Entry and exterior of Clarksdale Collegiate at night
COURTESY LEONID FURMANSKY

A Mississippi School Models Collaborative Reuse

The Office of Jonathan Tate applies its successful formula to the design of a Clarksdale elementary school.

Few public schools are known for having thoughtful design, especially in places as historically underserved as Clarksdale, Mississippi. But can a school building also fuel hope in efforts to rebuild the community around it? That is an additional goal of the Clarksdale Collegiate Public Charter School building by the Office of Jonathan Tate (OJT), which makes it worthy of a close examination.

The project is partly adaptive reuse of an existing church that the charter school began to take over starting in 2018; and it’s partly a ground up new, two-story addition next to that, which was completed in 2021 on a formerly unused 4.8 acre tract.

OJT is spreading its special brand of urban infill beyond Louisiana.

Aerial of Clarksdale Collegiate during day
COURTESY RORY DOYLE

Like the community leaders who found themselves working around a failing school district to create a more rigorous charter school, OJT has a history of improving under-appreciated sites in ways that can still feel useful, welcoming, and familiar to longtime residents.

“I spent time in Clarksdale, the Home of the Blues, but also in Memphis before I started my firm in New Orleans,” says namesake principal Jonathan Tate explaining his fondness for the Delta region.

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As a co-developer of other regional projects with Pierre Stouse and Chuck Rutledge, including Clarksdale’s Travelers Hotel, Tate has mastered a kind of modern but still contextual infill that works in the region.

In New Orleans, a roughly five hour drive from Clarksdale, he has a body of built work to prove it: a spate of housing projects are visible around the city (including Tate’s own residence) two of which have won the American Institute of Architects housing awards (the St. Thomas/Ninth project in 2017, and Bastion Veterans Housing in 2021).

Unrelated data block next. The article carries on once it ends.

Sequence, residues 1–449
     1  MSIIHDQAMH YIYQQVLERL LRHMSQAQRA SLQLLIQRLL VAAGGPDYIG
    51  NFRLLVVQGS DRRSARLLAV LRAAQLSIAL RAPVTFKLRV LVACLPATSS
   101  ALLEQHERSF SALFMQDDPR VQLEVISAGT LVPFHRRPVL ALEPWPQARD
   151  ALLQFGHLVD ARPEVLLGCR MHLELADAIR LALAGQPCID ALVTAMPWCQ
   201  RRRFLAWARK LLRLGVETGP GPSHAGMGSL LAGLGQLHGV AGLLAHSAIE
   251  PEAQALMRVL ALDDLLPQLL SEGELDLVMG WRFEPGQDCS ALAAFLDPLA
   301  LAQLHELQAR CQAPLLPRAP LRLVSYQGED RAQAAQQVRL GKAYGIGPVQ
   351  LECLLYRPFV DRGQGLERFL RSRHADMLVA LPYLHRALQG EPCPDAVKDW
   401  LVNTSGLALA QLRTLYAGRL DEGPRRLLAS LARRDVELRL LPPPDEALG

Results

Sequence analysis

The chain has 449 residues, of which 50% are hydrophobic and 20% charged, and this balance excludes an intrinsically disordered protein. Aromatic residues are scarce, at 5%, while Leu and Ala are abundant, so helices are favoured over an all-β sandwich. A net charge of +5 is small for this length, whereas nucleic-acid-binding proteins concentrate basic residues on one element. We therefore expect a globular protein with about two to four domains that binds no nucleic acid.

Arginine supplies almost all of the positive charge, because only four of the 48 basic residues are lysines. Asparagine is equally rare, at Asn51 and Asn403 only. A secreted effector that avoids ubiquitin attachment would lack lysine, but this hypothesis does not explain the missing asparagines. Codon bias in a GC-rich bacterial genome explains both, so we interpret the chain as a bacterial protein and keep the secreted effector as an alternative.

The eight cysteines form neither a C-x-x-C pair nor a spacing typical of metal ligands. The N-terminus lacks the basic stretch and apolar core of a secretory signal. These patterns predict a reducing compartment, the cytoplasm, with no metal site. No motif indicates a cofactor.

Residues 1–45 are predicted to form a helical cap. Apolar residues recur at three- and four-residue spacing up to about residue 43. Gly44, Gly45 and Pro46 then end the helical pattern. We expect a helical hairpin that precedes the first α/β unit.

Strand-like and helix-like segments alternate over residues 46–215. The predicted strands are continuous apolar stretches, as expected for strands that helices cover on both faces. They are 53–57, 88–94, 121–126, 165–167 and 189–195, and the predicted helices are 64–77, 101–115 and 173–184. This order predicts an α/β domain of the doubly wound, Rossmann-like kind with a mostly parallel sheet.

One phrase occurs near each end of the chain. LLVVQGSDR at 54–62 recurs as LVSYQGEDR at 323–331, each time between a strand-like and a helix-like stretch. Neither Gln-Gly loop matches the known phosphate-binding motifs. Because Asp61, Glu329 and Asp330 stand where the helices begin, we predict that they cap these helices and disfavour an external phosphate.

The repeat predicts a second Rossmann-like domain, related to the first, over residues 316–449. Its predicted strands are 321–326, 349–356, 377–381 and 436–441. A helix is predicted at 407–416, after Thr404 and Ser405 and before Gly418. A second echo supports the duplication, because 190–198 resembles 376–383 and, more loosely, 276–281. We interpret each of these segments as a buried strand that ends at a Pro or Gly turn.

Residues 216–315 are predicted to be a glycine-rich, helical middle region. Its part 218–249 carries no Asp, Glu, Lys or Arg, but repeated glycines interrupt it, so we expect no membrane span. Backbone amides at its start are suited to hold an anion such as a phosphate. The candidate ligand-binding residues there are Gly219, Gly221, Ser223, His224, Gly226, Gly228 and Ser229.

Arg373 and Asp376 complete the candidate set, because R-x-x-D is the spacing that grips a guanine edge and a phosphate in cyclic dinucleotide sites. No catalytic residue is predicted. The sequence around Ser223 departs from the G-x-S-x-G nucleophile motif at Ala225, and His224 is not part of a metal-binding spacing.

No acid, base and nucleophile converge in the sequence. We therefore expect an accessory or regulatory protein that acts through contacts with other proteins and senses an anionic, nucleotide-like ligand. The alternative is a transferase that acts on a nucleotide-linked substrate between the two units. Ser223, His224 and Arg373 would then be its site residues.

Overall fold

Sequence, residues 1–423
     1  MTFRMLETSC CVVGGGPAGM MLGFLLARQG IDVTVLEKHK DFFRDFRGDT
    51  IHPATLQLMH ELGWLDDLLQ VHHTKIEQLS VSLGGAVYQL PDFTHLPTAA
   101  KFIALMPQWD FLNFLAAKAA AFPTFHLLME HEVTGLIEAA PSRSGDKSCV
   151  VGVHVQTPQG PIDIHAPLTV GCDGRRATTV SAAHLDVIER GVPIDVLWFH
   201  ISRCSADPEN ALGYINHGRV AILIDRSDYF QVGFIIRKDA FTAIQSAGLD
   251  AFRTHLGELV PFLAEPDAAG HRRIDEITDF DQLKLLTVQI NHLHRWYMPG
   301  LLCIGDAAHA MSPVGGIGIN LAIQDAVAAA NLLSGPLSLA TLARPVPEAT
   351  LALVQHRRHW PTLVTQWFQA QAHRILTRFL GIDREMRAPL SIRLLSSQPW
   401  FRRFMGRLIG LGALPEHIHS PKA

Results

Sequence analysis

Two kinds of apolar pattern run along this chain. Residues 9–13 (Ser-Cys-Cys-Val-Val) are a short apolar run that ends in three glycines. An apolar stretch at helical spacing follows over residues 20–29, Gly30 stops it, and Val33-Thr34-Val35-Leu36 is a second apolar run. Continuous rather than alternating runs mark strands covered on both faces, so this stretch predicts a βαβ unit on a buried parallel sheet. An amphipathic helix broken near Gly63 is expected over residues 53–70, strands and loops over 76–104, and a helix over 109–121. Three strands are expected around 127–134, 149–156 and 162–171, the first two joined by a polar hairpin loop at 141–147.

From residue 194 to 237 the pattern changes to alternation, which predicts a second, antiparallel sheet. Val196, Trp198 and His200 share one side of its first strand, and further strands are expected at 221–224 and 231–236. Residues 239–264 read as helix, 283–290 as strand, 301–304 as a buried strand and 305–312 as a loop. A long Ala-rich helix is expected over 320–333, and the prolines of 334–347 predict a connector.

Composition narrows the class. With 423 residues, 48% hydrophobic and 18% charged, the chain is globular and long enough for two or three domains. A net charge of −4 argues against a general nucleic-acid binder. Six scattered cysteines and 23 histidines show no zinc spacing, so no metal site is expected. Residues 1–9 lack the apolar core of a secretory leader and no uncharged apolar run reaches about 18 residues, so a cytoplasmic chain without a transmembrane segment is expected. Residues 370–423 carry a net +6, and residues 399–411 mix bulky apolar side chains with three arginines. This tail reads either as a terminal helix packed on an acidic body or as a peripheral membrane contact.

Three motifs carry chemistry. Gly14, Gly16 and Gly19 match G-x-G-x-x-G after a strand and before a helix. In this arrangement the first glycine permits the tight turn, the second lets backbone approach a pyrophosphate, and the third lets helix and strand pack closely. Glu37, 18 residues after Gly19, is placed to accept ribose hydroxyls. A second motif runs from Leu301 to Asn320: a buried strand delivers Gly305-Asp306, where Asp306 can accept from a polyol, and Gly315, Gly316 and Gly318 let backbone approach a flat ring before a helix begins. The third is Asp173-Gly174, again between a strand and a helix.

Aerial of Clarksdale Collegiate entrance
COURTESY RORY DOYLE
Clarksdale Collegiate courtyard and outdoor corridor with flowering tree
COURTESY LEONID FURMANSKY

OJT used many hallmarks of those projects to make Clarksdale’s K-6 campus feel fresh but also downhome. That’s possibly a sign that OJT is beginning to spread its signature architecture across the Delta almost like a new regional vernacular.

Like the New Orleans housing, the school stands out for its residential siding, asymmetrical rooflines, thoughtful formation of outdoor courtyards, and massing that mimics what’s already there; in this case, the existing church.

Clustered closely, the new and existing buildings almost seem to embrace. Even the “up/down of the roof forms is in dialogue with existing spaces,” according to the firm’s brief. It’s a device OJT relies on to create harmony between new and old.

And though this is OJT’s first education project, it is a strong indicator the firm is successfully spreading its special brand of urban infill beyond Louisiana.

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Library with students reading at Clarksdale Collegiate
COURTESY LEONID FURMANSKY
Yellow painted hallway at Clarksdale Collegiate
COURTESY LEONID FURMANSKY

OJT’s body of work and regional impact are remarkable for a firm that’s just a decade old. Then again, Tate is virtually embedded in the region, given he has bought a home in New Orleans and teaches at the Tulane School of Architecture. Ever the citizen architect, he also donates services on small local projects — some of which provided him with insights into the technical considerations of K-12 education before he landed the Clarksdale commission.

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